Timeline: Three Hundred Years of American Mass Media.

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Mass media has played a crucial role in the American politics. TV commercials have influenced the outcome of elections. One Timeline theme is the effect of technological advances on the development of the media. Like how the invention of the printing press made the mass production of newspapers possible, the invention of high-speed Internet access has led to an increase in the diversity and specialization of news to individual audiences. A second Timeline theme is the shift in the economic aspects of mass media. When newspapers were the most likely form of mass media, there were hundreds of newspapers in circulation in the US, with a wide selection of editorial perspectives and appealing to all kinds of audiences. Recently television has supplanted newspapers as the source of news for most people. 1704: The first regularly published newspaper in the America, The Boston News-Letter, appeared in 1704. The paper contained obituaries and schedules of ship arrivals. Many newspapers filled their pages with sermons, literary works, and philosophical pieces, as well as advertisements. One example, the Pennsylvania Gazette. In 1784, Philadelphia had the first daily newspaper in the United States, the Pennsylvania Packet.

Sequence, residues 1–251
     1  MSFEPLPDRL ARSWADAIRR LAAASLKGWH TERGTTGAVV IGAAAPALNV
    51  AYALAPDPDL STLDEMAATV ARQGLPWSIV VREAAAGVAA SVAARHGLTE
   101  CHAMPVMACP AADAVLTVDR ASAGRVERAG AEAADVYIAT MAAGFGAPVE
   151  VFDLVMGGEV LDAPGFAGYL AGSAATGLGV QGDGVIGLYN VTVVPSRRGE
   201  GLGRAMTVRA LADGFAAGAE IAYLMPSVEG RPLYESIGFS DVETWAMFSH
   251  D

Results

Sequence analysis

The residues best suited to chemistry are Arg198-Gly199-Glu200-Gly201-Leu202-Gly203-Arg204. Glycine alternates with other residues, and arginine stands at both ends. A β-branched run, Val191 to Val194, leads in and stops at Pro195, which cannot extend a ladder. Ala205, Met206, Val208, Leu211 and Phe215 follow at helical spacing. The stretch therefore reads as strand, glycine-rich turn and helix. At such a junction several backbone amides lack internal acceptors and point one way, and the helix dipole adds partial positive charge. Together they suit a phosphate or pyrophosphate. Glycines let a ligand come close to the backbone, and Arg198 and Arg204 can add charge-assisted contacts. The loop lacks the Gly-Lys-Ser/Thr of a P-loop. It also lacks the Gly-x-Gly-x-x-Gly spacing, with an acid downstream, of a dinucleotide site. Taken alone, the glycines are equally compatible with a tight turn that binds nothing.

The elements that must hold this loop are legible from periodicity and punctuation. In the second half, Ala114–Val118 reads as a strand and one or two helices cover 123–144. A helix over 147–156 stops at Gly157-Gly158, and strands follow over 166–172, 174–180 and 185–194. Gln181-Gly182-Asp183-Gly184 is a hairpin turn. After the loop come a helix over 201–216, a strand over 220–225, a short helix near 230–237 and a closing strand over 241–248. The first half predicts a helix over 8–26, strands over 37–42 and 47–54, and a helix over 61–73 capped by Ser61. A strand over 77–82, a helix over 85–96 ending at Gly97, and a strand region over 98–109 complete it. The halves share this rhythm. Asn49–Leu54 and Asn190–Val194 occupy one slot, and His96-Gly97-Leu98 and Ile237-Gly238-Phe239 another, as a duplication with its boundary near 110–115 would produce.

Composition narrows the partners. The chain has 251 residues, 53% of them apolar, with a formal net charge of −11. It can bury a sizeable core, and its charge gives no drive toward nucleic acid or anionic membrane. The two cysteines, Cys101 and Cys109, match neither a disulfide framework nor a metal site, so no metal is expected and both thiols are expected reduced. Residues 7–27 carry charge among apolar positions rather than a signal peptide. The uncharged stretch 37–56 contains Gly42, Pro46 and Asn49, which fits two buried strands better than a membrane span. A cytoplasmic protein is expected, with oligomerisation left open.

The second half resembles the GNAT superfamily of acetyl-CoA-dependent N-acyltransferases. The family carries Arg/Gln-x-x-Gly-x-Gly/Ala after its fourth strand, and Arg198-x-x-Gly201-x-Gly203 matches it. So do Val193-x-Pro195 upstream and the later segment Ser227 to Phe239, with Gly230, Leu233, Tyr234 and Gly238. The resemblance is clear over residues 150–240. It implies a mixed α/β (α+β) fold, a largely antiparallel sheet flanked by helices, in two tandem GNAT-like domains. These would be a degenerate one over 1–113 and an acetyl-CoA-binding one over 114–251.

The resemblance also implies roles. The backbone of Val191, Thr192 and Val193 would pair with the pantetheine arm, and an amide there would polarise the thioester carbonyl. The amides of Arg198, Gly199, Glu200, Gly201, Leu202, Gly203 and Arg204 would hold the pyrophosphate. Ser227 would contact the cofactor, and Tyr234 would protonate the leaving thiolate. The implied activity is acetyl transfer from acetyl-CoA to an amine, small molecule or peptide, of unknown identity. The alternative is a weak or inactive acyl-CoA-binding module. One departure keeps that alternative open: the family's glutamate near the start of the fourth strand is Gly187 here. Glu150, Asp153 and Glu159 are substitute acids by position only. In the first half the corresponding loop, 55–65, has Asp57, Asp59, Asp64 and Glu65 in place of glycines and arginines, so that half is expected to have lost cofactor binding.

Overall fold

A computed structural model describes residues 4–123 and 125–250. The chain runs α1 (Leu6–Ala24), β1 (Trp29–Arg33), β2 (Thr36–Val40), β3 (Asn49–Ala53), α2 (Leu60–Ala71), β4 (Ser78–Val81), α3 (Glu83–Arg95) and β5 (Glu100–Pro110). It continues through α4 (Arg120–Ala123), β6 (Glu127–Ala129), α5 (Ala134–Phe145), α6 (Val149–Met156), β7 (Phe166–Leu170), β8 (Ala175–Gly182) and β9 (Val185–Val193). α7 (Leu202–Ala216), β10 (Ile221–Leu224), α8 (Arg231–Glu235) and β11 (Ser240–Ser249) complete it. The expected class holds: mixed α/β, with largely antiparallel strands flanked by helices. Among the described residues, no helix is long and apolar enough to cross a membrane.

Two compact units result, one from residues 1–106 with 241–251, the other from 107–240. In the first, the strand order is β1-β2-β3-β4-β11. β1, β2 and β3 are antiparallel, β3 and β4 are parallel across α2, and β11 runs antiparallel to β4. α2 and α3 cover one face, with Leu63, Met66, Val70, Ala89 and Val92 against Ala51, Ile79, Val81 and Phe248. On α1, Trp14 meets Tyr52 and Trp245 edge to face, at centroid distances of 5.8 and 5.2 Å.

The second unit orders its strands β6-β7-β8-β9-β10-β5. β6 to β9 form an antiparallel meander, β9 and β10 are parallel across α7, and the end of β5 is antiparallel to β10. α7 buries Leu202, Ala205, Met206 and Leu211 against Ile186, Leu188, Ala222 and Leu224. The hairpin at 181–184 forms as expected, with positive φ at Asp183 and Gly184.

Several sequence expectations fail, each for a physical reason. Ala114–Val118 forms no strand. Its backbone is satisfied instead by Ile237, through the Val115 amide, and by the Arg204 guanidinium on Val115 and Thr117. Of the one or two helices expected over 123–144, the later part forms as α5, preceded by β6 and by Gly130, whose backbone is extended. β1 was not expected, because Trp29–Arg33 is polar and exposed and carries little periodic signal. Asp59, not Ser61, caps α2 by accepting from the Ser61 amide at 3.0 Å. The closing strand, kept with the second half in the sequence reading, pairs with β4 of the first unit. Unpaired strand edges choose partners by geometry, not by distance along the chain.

Newspapers played an important role in politics after the Revolutionary War. The Federalist Papers, written mainly by James Madison and Alexander Hamilton supporting the ratification of the Constitution. Writing under the name Publius, Madison and Hamilton helped to persuade public opinion in favor of ratification in New York and Virginia. In the 1830s Changes in printing press technology, combined with the decision to attract a working-class audience, allowed publishers to sell their newspapers to reduce prices from six cents to one penny, The first of the penny press, appeared in 1833. Newspaper readership in the 19th century because of the population expansion, the invention of the telegraph, the growing availability of electricity, and the increased use of sensational journalism. 1920: In the 1890s, inventors and entrepreneurs made advances in wireless communication using radio waves. -In 1902, transmitting speech and music over the air was demonstrated, building radio transmitters and receivers became a hobby. In 1912, the government required amateur radio operators to have a license. In 1920, the first broadcasting stations licensed for commercial purposes went on the air. In 1922-23 the number of radio stations increased from 30 to 556. The largest radio manufacturer, RCA, sold $85 million worth of radios over three years. By 1930, after the NBC and CBS radio networks were established,US businesses were spending a total of $40 million to advertise their products and services on radio. The 1930s "the golden age of radio," was an inexpensive form of entertainment for millions of Americans coping with the depression. President Roosevelt used the radio to promote his New Deal agenda and to calm a worried nation. After World War II, television became increasingly popular. The invention of transistor technology and headphones allowed radios to become portable, unlike the TV sets.Across the country, programming produced by National Public Radio (NPR), funded by government subsidies, provided extended news coverage and analysis not found on most other stations. Today, radio remains a popular source not only of entertainment but also of news. 1939: The first commercial television stations went on the air in 1939, marking the beginning of the television industry;World War II interrupted the development of television. Five years later, that number had risen to 12 million households with a TV. Now, 99 percent of U.S. households have at least if not two or three. In the 50s and 60s, television broadcasting was dominated by three giant companies, NBC, CBS, and ABC. Other than the occasional independent UHF channel, there were three channels to watch. In 1969, the PBS began operation, providing...
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